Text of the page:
Reverencing the Bible
By Richard Rohr, O.F.M.

Many of us have been privileged to be in the presence of someone on his or her deathbed. In such a setting we are understandably concerned about listening to every word that the dying person is saying and about choosing our own words carefully. It is with that degree of reverence that we should approach the Bible: with halting humility.

The language of the Bible is more poetry than prose. It doesn't so much describe an event historically as it seeks to lead us into the experience itself. We can change the meanings of words, but an experience changes us. Good biblical interpretation finds the balance between words that get us started and encounters, which are beyond words.

Just before he delivers the Ten Commandments to Moses (Exodus 19), God appears in "a dense cloud" and Mount Sinai is "wrapped in smoke." Moses is not permitted to see God's face. And yet, Yahweh speaks to him and gives Moses the word of God. At the Transfiguration (Matthew 17), Jesus appears to several disciples, his face shining "like the sun" and his clothes "white as light." Afterwards Jesus cautions them: "Do not tell the vision..." In these examples we observe the spiritual tradition that balances darkness and light, presence and absence, speaking and silence, seeing everything so well that you do not need to see anything in particular.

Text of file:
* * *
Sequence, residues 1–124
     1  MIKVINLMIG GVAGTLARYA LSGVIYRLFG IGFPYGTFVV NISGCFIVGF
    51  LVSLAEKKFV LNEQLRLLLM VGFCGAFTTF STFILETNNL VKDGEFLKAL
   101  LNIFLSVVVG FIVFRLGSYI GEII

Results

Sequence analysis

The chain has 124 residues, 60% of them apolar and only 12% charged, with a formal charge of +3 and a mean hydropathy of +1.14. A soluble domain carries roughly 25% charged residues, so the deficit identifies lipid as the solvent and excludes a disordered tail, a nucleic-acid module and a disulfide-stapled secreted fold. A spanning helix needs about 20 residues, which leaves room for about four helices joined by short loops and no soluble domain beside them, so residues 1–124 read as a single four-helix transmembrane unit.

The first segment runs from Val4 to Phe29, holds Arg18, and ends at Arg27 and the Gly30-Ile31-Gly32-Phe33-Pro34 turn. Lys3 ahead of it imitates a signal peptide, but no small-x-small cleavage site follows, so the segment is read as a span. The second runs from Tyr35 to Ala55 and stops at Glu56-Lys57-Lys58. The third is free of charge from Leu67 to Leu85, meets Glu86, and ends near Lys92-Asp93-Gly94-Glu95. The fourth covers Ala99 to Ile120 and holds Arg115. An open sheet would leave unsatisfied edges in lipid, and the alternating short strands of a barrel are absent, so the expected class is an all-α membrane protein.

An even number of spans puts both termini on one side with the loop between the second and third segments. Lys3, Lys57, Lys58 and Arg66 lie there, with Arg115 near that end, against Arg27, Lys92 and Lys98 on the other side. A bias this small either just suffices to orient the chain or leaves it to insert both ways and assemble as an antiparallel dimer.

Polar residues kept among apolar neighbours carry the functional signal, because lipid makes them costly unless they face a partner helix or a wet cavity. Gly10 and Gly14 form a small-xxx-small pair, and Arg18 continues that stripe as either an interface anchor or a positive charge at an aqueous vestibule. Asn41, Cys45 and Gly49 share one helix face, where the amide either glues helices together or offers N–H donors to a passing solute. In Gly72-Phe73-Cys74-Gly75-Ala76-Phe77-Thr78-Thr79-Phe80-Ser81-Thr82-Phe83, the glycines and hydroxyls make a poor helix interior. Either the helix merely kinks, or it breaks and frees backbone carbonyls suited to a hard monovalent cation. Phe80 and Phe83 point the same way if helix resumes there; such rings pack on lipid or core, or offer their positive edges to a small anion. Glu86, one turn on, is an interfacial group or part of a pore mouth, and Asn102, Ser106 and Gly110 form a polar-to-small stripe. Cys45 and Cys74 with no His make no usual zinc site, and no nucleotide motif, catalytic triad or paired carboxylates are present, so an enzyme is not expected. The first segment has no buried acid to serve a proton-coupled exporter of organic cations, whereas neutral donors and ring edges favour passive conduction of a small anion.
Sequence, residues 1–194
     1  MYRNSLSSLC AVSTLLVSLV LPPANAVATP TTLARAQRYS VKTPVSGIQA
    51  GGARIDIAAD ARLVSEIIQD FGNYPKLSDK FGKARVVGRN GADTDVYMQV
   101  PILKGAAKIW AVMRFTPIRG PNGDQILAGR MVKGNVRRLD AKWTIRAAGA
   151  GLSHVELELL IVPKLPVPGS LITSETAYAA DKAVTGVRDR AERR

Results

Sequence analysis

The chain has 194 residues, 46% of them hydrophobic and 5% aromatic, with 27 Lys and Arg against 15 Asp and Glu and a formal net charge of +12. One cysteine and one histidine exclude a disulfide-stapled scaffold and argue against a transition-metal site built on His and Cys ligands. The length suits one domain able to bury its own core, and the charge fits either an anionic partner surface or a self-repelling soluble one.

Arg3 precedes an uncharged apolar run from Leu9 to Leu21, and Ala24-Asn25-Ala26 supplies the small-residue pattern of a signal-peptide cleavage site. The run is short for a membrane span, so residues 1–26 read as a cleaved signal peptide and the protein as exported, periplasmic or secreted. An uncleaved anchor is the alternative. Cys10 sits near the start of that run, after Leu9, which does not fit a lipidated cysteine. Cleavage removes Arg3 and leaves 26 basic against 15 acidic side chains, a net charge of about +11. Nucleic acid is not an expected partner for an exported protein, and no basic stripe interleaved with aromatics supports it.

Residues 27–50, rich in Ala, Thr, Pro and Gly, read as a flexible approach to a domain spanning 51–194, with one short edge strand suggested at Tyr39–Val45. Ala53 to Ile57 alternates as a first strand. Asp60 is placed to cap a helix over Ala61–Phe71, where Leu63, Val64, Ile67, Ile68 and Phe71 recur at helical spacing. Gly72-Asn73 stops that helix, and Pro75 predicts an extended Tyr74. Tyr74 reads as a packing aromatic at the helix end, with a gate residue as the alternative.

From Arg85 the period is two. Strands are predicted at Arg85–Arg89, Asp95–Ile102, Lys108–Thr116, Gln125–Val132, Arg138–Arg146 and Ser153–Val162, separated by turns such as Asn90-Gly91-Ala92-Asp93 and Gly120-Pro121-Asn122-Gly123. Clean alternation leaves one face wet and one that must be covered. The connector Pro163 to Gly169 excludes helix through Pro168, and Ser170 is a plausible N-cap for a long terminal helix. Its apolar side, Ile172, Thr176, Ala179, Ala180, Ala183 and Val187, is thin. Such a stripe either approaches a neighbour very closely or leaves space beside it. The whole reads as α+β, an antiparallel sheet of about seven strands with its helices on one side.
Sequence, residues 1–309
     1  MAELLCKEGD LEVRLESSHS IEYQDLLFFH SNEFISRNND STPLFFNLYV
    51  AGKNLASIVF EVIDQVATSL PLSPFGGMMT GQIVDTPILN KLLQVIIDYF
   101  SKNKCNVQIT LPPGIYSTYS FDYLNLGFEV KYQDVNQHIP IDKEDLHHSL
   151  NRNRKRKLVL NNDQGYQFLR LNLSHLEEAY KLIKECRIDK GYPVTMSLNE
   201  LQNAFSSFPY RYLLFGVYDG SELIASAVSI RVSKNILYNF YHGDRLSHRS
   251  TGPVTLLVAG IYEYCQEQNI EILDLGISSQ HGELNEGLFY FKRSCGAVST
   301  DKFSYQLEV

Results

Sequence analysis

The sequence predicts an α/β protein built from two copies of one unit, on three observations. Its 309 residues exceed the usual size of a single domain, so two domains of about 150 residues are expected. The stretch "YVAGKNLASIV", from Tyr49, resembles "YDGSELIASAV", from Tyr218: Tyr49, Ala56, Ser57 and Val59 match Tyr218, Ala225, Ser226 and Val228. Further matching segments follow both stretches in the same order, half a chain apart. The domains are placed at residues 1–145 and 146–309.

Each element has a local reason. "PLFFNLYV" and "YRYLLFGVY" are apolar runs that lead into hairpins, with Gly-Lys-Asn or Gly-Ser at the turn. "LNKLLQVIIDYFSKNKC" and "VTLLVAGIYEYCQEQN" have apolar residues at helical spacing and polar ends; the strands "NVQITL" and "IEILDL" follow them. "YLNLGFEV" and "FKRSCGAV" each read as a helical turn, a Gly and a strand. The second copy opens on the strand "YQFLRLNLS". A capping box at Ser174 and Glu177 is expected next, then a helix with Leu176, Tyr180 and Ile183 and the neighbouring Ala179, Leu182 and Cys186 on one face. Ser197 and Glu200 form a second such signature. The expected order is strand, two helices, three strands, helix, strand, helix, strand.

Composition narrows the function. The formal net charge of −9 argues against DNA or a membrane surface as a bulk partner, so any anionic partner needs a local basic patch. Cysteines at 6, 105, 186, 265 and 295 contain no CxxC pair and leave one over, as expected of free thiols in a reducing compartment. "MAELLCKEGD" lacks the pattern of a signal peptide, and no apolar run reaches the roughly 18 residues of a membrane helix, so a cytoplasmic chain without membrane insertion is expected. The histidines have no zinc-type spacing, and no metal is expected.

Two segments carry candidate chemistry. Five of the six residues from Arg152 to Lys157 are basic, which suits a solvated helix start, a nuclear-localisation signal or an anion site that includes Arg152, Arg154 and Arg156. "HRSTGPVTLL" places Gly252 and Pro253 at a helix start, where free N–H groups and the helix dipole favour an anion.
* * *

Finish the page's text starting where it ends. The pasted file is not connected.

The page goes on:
Again and again, the Bible finds the balance between knowing and not knowing, between using words and having a humility about words. To read the Bible well, we need to appreciate that balance and allow the Spirit to stir its meaning for us. But for most of us in the contemporary West, it is an uphill struggle. We often prefer to read the Bible literally and to turn to it for precise answers to our questions.